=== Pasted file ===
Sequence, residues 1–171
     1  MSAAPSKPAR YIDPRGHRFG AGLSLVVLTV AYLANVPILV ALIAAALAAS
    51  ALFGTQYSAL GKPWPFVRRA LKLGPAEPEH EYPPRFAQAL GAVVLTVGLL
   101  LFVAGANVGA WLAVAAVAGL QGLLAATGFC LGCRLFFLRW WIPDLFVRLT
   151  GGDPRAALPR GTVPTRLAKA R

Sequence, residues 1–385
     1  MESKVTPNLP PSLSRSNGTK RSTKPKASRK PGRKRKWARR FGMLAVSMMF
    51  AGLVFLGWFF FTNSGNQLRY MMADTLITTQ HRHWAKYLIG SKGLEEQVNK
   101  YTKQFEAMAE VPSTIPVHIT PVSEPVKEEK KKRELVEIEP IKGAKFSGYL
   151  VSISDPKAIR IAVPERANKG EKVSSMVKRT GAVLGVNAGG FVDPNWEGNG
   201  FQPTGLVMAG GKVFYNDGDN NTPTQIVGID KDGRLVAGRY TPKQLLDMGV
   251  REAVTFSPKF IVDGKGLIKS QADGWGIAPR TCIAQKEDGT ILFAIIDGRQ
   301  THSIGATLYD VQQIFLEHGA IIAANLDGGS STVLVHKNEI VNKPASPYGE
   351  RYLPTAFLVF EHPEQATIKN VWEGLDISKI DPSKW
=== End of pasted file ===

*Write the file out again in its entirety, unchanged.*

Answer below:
Sequence, residues 1–171
     1  MSAAPSKPAR YIDPRGHRFG AGLSLVVLTV AYLANVPILV ALIAAALAAS
    51  ALFGTQYSAL GKPWPFVRRA LKLGPAEPEH EYPPRFAQAL GAVVLTVGLL
   101  LFVAGANVGA WLAVAAVAGL QGLLAATGFC LGCRLFFLRW WIPDLFVRLT
   151  GGDPRAALPR GTVPTRLAKA R

Sequence, residues 1–385
     1  MESKVTPNLP PSLSRSNGTK RSTKPKASRK PGRKRKWARR FGMLAVSMMF
    51  AGLVFLGWFF FTNSGNQLRY MMADTLITTQ HRHWAKYLIG SKGLEEQVNK
   101  YTKQFEAMAE VPSTIPVHIT PVSEPVKEEK KKRELVEIEP IKGAKFSGYL
   151  VSISDPKAIR IAVPERANKG EKVSSMVKRT GAVLGVNAGG FVDPNWEGNG
   201  FQPTGLVMAG GKVFYNDGDN NTPTQIVGID KDGRLVAGRY TPKQLLDMGV
   251  REAVTFSPKF IVDGKGLIKS QADGWGIAPR TCIAQKEDGT ILFAIIDGRQ
   301  THSIGATLYD VQQIFLEHGA IIAANLDGGS STVLVHKNEI VNKPASPYGE
   351  RYLPTAFLVF EHPEQATIKN VWEGLDISKI DPSKW